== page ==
Speaking of craps, the name for the old and popular dice game is believed to have originated from crapaud, the French word for toad, given because of the toad-like crouch the players assume while tossing the dice. I’m not making this up. Honest. Gotta love the French.
Okay. So we’ve established that writing is not the romantic, suave, easy life non-writers assume it to be. It has its moments, yes, but the same can be said of childbirth and weed pulling. The fond moments always pertain to the end product, never the process. Crapaud! I could crawl in a hole just thinking about it.
And to throw even more light on our word of the day, according to The Reader’s Digest Great Encyclopedia Dictionary, crapaud also translates into “baby grand [piano].” I swear I’m not making that up either. Do you suppose it has something to do with the way the French sit when they play the piano?
Just a thought.
If writing can be a drudgery, and rewriting an even worse drudgery – and let’s not even talk about submissions, rejections and marketing – why the deuce do we do it? If I were sitting at a typewriter, this is where I’d rip out the sheet of paper, wad it up and toss it into my over-flowing waste basket, then choke myself with my ascot.
Gosh, I’m feeling metropolitan today.
So, is there anything fun about writing? Yes, yes, and yes. To name a few: getting into the groove, breathing life into the nostrils of your characters, writing The End on a story well written. Hearing from happy readers. Investing well the millions you’ve earned from your Hard Work. Oh, wait, that last part was pure fiction. Ignore it.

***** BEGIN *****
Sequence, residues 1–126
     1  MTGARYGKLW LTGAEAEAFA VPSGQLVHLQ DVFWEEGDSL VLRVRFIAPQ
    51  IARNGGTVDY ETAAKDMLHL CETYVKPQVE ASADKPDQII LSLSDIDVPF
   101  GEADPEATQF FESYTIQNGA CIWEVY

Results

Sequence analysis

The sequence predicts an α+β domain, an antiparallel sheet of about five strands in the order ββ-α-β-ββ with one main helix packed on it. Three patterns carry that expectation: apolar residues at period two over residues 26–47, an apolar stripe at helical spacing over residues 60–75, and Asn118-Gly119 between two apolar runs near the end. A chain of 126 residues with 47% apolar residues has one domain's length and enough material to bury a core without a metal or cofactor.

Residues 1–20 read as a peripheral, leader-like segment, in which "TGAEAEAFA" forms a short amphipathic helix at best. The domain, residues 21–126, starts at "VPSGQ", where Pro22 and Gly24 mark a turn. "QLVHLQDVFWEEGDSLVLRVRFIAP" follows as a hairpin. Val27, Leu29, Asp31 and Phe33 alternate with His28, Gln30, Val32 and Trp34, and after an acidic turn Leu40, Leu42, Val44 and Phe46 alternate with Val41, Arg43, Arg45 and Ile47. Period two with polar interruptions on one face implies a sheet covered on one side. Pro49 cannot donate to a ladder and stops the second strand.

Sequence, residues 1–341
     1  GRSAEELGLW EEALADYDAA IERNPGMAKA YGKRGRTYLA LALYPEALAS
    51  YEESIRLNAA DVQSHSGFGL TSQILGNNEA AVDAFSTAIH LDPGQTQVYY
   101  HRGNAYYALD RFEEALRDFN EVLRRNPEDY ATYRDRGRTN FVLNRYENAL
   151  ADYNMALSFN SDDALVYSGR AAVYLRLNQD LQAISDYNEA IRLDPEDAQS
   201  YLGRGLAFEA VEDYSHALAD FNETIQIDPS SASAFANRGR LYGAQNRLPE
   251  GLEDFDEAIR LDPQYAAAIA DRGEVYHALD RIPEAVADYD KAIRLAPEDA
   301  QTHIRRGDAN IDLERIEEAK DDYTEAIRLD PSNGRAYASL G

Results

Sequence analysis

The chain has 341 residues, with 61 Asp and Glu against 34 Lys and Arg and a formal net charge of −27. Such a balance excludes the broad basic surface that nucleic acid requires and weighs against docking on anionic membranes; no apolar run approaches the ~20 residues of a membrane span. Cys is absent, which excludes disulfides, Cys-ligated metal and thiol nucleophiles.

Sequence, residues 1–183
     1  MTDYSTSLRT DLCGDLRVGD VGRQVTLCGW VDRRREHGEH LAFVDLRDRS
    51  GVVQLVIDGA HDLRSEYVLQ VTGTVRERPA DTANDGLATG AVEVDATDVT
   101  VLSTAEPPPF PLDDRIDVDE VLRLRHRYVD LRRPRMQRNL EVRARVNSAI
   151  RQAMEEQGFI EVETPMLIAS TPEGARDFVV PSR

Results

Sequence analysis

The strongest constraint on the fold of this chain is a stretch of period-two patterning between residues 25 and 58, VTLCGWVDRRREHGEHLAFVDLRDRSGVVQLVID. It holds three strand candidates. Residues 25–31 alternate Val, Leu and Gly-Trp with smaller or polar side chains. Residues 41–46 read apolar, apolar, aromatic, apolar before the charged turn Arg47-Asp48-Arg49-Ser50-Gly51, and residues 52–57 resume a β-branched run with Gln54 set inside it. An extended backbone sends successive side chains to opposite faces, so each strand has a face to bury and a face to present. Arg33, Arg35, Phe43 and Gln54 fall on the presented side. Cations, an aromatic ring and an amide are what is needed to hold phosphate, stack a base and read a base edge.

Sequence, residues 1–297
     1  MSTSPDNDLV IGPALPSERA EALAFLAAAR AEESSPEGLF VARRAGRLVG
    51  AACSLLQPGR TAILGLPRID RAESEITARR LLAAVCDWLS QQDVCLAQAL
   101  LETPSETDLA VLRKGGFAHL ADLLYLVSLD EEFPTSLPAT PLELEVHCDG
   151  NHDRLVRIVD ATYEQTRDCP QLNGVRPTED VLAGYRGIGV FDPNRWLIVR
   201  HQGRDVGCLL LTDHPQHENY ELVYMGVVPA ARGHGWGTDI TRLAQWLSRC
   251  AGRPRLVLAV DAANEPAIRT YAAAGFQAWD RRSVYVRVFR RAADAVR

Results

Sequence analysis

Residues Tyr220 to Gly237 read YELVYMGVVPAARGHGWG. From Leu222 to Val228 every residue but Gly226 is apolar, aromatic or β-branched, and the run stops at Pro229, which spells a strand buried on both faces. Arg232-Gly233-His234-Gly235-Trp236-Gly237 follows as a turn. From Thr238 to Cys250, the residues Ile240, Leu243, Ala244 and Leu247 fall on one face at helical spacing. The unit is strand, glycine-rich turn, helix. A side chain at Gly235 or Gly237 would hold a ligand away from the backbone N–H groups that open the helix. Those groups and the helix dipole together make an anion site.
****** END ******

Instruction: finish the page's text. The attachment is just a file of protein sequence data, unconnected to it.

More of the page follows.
And making trailers.
For me, making trailers is the “icing on the petit fours of (the writing) life” – to quote one of my characters, from one of my books. As I sit here I can’t remember which. Okay, maybe making trailers isn’t really the icing, but it’s one of the ingredients. I love making trailers. They’re fun. And in comparison to actually writing the book, they’re easy. I love selecting the music, getting just the right feel for the story; selecting the images I’ll use; and writing the script, which will hopefully help tell the story of the story without giving the story away. (That last part of the last sentence reminds me of a button I wore in my hippie days that said, “Why do we kill people who kill people to show people that killing people is wrong?” I’ve since had reason to reconsider that button.) Then I love watching the completed trailer, feeling a sense of a different kind of accomplishment. Of course, I wouldn’t have known where on earth to begin without Katy. She’s such a wealth of information, and beyond helpful.
But putting all the fun things of trailer-making aside, are they useful? Do they create interest and help sell books? I personally enjoy book trailers. I view them to learn what other writers are doing, and to compare them to my own. But I’ve also purchased books because of trailers. Have you?
Another question I have is how do you get people to view them? I’ve talked about my trailers on Twitter and Facebook, but I haven’t generated much traffic to them. Should I add that to my list of things to worry about? I love lists, but I want them manageable. If I put the link to my trailers, say, here, would you be even a little bit enticed to view them? If you liked them, would you encourage your plethora of friends to view them? Then would you participate in this completely unscientific poll and tell me what you think about the trailers and the subject of trailers and whether or not you would create trailers for your own books?